The hold over period is essentially an extension option for the lessee during which time negotiations for a subsequent lease take place. IFRS 16, paragraph 20 requires a lessee to reassess whether a lessee is reasonably certain to exercise an extension option upon the occurrence of a significant event or significant change in circumstances that:
- Is within the lessee’s control, and
- Affects whether the lessee is reasonably certain to exercise the extension option that was not previously included when determining the lease term.
Lessee reassesses the lease term before the end of the non-cancellable lease period
When a lease is approaching the end of the non-cancellable lease period, if it has not already done so, lessees must reassess the lease term in accordance with IFRS 16, paragraph 20. In Example 1 above, Entity A assessed the lease term as five years. Assume that after four years and nine months, Entity A decides to renegotiate a new lease for a similar space in the shopping mall. It anticipates that it will take most of the hold over period to complete the negotiations for a new lease. IFRS 16, paragraph 20 requires Entity A to reassess the lease term, with nine months remaining on the lease instead of three.
It is important to note that extending the lease for the hold over period is an extension option and not a new lease. The hold over period therefore cannot be accounted for as a short-term lease because it is not a new lease. Instead, Entity A will:
Lessee reassesses the lease term only once lease goes into hold over
Suppose the lessee only commences negotiations with the landlord once the lease has gone into hold over. In that case, an event has occurred that contractually obliges the lessee to exercise an option not previously included in the entity’s determination of the lease term (see IFRS 16, paragraph 21(c)). In Example 1 above, as soon as Entity A goes into hold over, it must reassess the remaining lease term as being for six months. Again, this is not a new short-term lease, but merely an extension of the original lease term. Therefore, Entity A cannot simply expense the remaining six months of lease payments. It must remeasure the lease liability and adjust the right-of-use asset as described above.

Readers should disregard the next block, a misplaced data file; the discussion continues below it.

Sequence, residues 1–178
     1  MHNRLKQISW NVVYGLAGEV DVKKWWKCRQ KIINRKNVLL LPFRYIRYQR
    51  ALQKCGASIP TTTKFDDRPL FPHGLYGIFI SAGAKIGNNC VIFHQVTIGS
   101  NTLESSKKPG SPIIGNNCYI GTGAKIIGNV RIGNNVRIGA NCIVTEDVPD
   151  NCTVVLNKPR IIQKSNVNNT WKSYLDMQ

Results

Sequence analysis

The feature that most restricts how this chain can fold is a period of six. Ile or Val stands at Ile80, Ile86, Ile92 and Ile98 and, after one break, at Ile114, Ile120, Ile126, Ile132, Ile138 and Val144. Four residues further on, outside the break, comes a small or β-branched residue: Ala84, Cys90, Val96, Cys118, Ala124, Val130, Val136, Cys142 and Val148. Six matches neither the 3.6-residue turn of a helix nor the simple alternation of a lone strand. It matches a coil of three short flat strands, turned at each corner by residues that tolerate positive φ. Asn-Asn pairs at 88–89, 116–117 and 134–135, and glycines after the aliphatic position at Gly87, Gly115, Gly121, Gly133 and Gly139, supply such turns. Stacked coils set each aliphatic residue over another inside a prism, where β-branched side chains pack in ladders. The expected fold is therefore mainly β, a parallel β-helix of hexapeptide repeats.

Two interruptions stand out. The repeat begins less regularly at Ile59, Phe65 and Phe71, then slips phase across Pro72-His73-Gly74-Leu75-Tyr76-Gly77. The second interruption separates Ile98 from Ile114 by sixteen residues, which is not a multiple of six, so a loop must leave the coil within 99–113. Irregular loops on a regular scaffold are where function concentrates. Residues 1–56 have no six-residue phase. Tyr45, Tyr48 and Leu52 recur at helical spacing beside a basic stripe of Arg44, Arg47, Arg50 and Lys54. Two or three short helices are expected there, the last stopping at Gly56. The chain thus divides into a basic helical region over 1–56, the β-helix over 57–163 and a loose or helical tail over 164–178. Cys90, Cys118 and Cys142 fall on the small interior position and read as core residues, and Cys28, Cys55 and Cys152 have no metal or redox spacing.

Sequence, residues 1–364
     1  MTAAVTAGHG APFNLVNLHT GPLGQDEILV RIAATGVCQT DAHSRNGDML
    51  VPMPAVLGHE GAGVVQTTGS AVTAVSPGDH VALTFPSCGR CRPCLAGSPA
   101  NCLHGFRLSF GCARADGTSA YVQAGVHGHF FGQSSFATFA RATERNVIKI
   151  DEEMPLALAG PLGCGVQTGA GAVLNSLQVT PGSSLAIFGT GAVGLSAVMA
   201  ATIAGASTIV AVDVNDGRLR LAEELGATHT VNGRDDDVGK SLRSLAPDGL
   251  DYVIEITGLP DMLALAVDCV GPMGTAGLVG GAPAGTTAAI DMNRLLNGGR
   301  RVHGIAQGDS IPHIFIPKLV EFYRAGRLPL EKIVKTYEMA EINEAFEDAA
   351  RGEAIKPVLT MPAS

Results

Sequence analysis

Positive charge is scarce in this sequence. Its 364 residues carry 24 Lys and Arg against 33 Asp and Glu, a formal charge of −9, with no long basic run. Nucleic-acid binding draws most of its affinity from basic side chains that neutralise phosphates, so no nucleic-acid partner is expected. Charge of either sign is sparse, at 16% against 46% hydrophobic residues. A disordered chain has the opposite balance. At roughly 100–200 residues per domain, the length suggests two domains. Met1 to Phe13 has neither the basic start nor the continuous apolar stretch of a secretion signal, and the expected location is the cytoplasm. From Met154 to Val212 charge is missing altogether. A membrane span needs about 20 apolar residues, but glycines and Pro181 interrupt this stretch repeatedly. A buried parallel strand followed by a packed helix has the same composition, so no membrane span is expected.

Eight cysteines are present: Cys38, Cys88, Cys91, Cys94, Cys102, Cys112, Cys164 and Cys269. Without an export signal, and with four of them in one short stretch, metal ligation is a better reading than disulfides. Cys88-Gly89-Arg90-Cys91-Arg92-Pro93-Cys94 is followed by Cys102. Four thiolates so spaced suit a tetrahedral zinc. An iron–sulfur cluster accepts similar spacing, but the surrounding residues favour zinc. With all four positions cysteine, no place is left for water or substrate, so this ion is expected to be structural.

|Similarly, if the lessee does not intend to negotiate with the landlord to enter a new lease but will remain in the premises until the end of the six-month hold over period, this is also not a short-term lease. The hold over period is an extension of the original lease term and the lease liability is remeasured, with a corresponding adjustment to the right-of-use asset. The lease charges during the hold over period cannot be expensed as a short-term lease expense.
New lease renegotiated during the hold over periodIf a new lease is negotiated during the hold over period for the same asset (i.e., the same retail store, or the same excavator as per our examples), this is accounted for as a lease modification and not a new lease. Our previous article from August 2020 contains more information on this.
More informationPlease refer to the following articles for more information about lease accounting and examples of short-term leases:
- Month-to-month leases are not always short-term leases
- How does the short-term lease exemption work in IFRS 16?
- Think you don't have a lease - Think again - Implications of the IFRIC agenda decision - Determining the 'lease term' for cancellable and renewable leases
- Entering into a new lease contract for the same premises before the end of the lease term is a lease modification.
Need assistance?Our website contains information about how BDO can help you with your lease accounting. We have a cloud-based lease management system called ‘BDO Lead’ to help you manage the complexities around implementing IFRS 16 in practice. We also provide outsourced leased management services where we manage lease accounting on your behalf using BDO Lead.
Please contact BDO’s IFRS Advisory team if you require assistance with your lease accounting.
For more on the above, please contact your local BDO representative.
This article has been based on an article that originally appeared on BDO Australia: Read the original article here.